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06 Jun 18:51

In Conversation | Lee Radziwill and Sofia Coppola, on Protecting...



In Conversation | Lee Radziwill and Sofia Coppola, on Protecting Privacy

Sofia Coppola’s own life is the very picture of elegant discretion. Who better to critique a celebrity-obsessed generation that overshares and hyperconsumes?

SOFIA COPPOLA’S NEW MOVIE, “The Bling Ring,” tells the true story of a gaggle of San Fernando Valley teenagers so obsessed with the trappings of celebrity that they decided just to steal them. In 2008, this group set off on a nine-month spree in Hollywood, looting more than $3 million worth of jewelry and designer clothes from the homes of Lindsay Lohan, Paris Hilton and other TMZ-tracked starlets — in some cases breaking in by just walking through an unlocked front door. (They had Googled the addresses.) Unlike Coppola’s earlier films, which approach the follies of youth with a sweet sense of melancholy, this one seems to raise a kind of parental alarm. Coppola’s interest in this subject matter was sparked in part by having two young daughters, Romy, 6, and Cosima, 4. Here she chats with her friend Lee Radziwill about the current state of celebrity culture — and how this glittery world fascinates her as a filmmaker, and terrifies her as a mother.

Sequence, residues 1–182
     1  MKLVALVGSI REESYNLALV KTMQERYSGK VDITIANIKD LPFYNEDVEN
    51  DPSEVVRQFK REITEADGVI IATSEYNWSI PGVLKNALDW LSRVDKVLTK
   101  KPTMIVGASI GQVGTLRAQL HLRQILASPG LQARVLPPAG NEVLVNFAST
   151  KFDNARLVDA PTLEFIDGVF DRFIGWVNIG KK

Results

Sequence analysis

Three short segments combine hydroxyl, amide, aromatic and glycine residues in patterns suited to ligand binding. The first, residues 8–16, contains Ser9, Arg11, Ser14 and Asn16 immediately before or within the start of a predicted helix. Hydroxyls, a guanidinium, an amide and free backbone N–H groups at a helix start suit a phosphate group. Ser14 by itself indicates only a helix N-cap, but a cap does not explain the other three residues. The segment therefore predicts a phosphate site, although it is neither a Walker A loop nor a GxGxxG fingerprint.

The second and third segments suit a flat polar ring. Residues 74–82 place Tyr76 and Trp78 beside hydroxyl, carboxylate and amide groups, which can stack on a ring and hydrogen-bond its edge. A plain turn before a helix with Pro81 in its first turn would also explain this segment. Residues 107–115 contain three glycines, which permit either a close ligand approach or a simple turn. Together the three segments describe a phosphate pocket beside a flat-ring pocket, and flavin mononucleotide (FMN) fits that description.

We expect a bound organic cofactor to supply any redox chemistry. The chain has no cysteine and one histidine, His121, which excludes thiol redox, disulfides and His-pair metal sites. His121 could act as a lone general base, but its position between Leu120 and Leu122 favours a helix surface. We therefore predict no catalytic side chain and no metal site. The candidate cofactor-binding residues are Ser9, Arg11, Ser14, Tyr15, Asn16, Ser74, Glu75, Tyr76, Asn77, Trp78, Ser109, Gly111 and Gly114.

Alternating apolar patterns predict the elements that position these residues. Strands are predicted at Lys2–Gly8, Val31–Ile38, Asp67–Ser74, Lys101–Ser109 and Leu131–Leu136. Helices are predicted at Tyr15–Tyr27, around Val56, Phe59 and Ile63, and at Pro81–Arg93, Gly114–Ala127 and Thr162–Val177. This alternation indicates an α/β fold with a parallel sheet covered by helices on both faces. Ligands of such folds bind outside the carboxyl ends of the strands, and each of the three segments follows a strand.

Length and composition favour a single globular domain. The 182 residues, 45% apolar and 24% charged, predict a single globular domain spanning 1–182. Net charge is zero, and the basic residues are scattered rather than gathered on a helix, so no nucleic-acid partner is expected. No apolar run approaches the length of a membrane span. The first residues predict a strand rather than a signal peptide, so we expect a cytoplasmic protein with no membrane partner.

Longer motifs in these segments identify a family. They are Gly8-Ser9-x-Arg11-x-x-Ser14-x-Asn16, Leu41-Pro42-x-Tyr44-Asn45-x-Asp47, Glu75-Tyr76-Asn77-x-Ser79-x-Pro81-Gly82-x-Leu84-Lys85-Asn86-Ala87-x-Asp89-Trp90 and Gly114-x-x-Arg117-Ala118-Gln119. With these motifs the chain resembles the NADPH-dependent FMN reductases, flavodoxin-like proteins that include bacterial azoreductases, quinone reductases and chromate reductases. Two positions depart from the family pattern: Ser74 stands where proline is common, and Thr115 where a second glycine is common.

Coppola: Lee, I’m so sorry you had to watch my loud and obnoxious film!

Radziwill: Not at all. I thought it was really interesting, and I was interested in why you chose to do this now.

Coppola: When I read the Vanity Fair article about these kids, it summed up everything that I think is declining in our culture. And it just doesn’t feel like anyone is talking about it. Kids are inundated with reality TV and tabloid culture so much that this just seems normal. When I go to a concert, everyone is filming and photographing themselves and then posting the pictures right away. It is almost as if your experiences don’t count unless you have an audience watching them. There are even videos of kids having their sweet-16 birthdays and they want a red-carpet V.I.P. theme. This movie was about an extreme version of this.